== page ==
Archive for October, 2015
In the modern economic climate, losing one’s job can easily be a devastating blow, financially, emotionally and socially. It can be even worse when an employee has lost their job unfairly, whether due to discrimination, personal vendettas or any number of toxic employer relations. Wrongful dismissal, also known as wrongful termination and wrongful discharge, is a legal phrase to encapsulate a situation where an employee has be terminated from a position under circumstances where the termination breaches the terms of an employment contract or a statute in employment laws. If an employer is found to have wrongfully terminated an employee, they could potentially pay substantial liabilities.
Lacking a formal or informal employment contract, an employee can still file a wrongful termination suit if they can show an implied contract for permanent employment, combined with facts that prove or at least imply that the firing lacked proper cause. Legal precedents have established that provisions in employee handbooks can create an implied contract, such as laying out what can and can not cause an employee to lose their job, even without a formal contract.
If a fired employee is basing their claim on public law rather than violation of a contract, they must prove that their employer has taken an illegal action, such as illegal discrimination or retribution for whistle blowing or refusing to break the law for an employer. For instant, a meat packer terminated for refusing to lie to inspectors could, if they can prove they lost their job for refusing to lie to inspectors, file for wrongful dismissal claims against their employer. Precedents exist for both discrimination and retribution for whistle blowing wrongful termination lawsuits, though it can often fall more upon the employee to prove that they lost their job unfairly than for the employer to prove the actions they took were legal.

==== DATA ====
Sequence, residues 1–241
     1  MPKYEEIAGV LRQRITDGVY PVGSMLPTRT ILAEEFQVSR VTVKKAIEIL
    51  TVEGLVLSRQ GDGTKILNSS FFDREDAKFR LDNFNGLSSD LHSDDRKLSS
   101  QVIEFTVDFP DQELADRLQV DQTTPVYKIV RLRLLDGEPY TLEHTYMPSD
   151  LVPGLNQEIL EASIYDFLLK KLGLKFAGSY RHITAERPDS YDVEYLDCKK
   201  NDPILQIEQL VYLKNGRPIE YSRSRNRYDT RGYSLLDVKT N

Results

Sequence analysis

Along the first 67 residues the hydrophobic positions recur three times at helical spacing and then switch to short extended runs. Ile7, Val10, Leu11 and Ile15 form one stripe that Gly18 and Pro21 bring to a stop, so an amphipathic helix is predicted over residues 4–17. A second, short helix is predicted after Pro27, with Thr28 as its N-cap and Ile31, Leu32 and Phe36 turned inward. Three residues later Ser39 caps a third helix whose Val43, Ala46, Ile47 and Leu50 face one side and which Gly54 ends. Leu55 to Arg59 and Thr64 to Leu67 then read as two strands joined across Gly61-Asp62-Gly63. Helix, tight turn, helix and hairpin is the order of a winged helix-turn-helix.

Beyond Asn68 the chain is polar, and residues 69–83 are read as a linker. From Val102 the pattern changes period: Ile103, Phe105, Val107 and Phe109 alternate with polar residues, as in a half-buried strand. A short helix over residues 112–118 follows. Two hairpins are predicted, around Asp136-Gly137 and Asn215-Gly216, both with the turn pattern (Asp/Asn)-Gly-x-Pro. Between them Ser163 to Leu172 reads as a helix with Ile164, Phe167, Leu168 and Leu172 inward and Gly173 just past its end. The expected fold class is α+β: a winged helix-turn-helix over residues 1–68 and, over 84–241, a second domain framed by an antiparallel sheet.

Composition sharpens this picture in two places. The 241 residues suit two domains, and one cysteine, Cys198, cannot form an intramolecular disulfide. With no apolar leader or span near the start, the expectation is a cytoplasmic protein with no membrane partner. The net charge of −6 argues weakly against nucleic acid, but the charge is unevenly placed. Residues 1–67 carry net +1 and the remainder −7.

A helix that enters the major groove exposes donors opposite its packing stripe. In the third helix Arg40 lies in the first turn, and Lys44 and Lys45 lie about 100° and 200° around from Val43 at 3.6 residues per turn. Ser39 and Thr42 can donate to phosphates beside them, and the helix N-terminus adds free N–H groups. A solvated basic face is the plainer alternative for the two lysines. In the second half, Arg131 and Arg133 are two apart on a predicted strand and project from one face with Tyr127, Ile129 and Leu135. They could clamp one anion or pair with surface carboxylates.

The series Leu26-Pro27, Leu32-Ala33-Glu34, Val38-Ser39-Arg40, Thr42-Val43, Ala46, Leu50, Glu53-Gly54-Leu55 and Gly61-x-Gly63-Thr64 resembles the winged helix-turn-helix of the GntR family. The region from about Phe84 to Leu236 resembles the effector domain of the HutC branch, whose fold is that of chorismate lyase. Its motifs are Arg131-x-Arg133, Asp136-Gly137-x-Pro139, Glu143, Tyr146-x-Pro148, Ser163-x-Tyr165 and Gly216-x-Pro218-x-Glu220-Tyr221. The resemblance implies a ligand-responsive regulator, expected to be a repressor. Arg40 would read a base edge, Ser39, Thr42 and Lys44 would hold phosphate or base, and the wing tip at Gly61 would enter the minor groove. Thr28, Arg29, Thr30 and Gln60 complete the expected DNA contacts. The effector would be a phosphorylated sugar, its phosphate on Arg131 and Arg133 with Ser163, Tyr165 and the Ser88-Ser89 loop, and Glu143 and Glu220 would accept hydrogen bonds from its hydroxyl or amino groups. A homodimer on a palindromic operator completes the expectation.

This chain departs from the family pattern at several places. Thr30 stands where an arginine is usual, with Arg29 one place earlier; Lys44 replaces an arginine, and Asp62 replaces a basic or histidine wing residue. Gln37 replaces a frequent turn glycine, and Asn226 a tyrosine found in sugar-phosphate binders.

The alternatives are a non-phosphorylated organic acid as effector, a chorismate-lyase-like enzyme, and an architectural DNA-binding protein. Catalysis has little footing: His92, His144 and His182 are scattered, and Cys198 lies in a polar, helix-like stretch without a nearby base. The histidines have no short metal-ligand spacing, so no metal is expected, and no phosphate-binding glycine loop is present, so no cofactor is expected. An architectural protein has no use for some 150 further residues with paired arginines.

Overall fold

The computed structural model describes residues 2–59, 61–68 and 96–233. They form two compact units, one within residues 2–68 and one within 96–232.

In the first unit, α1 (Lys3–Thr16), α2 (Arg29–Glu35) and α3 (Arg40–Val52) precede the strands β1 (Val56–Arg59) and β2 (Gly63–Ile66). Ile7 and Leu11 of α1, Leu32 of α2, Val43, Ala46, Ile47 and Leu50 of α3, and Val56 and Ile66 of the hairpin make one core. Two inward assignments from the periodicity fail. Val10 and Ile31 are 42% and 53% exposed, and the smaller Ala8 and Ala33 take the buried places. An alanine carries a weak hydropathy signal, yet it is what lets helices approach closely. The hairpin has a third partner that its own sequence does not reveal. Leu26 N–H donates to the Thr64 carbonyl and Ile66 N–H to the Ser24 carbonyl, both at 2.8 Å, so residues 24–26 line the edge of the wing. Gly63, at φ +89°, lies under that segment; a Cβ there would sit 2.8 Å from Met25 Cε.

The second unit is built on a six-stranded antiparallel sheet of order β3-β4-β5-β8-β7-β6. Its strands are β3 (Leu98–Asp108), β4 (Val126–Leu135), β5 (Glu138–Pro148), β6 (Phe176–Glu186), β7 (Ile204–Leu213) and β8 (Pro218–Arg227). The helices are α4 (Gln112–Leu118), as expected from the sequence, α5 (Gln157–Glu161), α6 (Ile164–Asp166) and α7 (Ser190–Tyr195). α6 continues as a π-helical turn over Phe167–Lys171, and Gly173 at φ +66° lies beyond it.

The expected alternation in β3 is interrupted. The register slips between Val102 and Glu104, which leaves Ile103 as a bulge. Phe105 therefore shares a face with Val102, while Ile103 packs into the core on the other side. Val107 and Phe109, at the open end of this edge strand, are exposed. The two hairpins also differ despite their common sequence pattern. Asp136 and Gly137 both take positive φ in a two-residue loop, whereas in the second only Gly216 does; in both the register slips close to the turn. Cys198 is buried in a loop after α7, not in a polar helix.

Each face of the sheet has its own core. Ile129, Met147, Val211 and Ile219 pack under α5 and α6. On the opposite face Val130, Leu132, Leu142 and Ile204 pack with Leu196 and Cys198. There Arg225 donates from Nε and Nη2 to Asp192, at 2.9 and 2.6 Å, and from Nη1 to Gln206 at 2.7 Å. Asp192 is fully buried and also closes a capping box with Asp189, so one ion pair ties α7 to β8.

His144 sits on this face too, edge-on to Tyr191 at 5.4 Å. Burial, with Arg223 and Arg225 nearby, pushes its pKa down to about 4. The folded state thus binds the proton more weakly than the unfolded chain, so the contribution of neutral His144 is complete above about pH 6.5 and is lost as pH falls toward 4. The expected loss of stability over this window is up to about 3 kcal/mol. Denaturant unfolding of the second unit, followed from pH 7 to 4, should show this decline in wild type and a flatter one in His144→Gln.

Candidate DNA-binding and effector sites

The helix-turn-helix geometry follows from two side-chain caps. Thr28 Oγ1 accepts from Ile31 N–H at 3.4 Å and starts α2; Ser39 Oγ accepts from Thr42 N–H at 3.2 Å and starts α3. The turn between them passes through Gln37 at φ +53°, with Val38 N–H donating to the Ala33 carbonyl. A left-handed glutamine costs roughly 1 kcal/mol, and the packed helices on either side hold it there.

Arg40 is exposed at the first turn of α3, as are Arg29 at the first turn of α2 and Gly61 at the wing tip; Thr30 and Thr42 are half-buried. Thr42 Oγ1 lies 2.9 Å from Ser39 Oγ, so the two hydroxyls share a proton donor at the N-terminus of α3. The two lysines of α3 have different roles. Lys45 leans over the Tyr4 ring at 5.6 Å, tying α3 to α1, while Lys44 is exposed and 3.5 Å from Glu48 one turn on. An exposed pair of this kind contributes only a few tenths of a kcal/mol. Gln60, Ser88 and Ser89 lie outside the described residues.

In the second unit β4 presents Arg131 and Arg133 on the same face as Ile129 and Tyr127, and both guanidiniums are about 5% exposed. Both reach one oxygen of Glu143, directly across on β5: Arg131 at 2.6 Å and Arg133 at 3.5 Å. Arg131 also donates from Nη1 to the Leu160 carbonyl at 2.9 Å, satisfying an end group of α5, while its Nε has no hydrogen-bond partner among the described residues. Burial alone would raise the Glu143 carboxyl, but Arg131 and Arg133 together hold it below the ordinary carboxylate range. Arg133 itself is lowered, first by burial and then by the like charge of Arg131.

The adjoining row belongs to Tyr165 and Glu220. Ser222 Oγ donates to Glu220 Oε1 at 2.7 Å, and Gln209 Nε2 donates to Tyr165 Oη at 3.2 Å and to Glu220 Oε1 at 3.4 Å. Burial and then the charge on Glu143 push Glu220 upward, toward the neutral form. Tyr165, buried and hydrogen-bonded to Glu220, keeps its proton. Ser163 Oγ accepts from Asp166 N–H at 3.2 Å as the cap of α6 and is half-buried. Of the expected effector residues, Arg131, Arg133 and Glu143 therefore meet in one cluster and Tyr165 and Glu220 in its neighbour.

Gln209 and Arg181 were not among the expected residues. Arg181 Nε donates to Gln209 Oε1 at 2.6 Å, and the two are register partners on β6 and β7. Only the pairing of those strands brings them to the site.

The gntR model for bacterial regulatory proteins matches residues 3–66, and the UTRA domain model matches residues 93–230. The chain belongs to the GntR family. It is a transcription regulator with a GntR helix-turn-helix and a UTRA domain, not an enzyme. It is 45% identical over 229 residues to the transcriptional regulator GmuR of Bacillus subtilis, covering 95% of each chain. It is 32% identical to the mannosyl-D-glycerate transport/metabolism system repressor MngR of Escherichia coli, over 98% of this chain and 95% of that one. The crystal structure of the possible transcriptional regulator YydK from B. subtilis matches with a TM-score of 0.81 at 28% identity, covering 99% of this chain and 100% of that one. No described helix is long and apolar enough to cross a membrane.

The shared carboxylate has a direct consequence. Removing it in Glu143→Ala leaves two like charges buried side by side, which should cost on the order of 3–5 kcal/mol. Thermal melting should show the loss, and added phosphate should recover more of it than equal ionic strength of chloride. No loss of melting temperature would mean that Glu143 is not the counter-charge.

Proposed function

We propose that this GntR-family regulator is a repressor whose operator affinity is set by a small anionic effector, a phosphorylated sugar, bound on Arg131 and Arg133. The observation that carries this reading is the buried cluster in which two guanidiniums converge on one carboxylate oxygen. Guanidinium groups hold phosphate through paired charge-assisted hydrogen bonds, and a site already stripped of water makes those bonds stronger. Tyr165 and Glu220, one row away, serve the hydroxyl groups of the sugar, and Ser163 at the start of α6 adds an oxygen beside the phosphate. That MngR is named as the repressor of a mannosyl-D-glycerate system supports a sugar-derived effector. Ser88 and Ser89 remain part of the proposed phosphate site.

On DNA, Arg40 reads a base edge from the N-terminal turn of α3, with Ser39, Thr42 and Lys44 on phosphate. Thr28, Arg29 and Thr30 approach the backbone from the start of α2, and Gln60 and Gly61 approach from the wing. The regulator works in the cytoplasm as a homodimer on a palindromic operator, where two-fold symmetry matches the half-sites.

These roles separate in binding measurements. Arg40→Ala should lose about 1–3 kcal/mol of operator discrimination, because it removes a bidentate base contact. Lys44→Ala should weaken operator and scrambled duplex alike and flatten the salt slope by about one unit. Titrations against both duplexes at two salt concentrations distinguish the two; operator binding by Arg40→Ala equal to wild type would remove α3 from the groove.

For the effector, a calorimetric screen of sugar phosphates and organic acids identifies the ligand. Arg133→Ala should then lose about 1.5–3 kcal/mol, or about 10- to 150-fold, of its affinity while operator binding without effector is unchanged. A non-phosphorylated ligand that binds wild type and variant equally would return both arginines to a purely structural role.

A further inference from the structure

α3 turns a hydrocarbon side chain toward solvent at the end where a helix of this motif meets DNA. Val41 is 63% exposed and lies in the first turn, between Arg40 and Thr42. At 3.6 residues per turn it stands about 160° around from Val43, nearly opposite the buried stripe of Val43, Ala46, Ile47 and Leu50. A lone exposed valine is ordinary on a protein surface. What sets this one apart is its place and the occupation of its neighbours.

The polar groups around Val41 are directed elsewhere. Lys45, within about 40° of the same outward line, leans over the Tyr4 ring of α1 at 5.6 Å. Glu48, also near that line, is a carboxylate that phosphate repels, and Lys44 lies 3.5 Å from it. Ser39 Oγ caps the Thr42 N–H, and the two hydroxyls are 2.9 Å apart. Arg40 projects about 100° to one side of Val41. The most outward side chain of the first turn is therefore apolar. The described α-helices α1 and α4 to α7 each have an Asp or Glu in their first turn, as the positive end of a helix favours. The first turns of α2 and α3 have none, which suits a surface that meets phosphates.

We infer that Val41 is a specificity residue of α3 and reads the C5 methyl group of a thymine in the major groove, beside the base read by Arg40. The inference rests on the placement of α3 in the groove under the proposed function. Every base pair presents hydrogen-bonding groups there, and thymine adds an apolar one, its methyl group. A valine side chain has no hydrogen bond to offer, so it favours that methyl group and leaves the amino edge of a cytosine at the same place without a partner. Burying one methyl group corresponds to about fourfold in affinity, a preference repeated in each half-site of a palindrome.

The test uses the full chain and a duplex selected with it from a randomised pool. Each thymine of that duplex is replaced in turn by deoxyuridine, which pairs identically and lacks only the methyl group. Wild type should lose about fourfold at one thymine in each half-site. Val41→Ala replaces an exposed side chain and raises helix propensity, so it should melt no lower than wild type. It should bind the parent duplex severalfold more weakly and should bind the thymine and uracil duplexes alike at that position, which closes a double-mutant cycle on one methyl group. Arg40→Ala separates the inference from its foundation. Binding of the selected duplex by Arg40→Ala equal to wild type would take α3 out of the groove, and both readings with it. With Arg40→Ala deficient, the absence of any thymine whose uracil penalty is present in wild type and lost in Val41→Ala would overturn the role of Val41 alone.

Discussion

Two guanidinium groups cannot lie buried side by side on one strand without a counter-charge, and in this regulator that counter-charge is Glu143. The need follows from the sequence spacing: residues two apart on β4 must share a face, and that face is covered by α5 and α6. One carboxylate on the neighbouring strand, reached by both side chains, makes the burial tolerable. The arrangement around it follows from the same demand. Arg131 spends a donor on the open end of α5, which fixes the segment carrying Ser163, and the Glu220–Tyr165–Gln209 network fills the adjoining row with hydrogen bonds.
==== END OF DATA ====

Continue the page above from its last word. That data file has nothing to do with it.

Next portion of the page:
In the United States, every state except for Montana considers employment “at will.” This means that by default, an employee can lose their job at any time without being given a reason, and that an employee can leave their job at any with no reason given. The major exceptions to these laws include the aforementioned employment contracts or firing that goes against either the law or company policy. In the case of implied contracts, an employee can base their suit around statements made by their employer, though this can be particularly difficult to prove, especially since few employers make promises of continued employment.
Proving wrongful termination that was illegal is not always an easy task. Most states only consider rules and laws laid out by a state’s constitution or statutes to be important in such cases. In addition to refusing to break the law, an employee can also not be fired for reporting an employer’s violation of the law, nor can the employer fire an employee for engaging in acts considered “in the public interest” such as jury duty. Finally, refusing to perform an act that are considered against the public’s interest can also be the basis for a wrongful dismissal suit, though they are far harder to prove.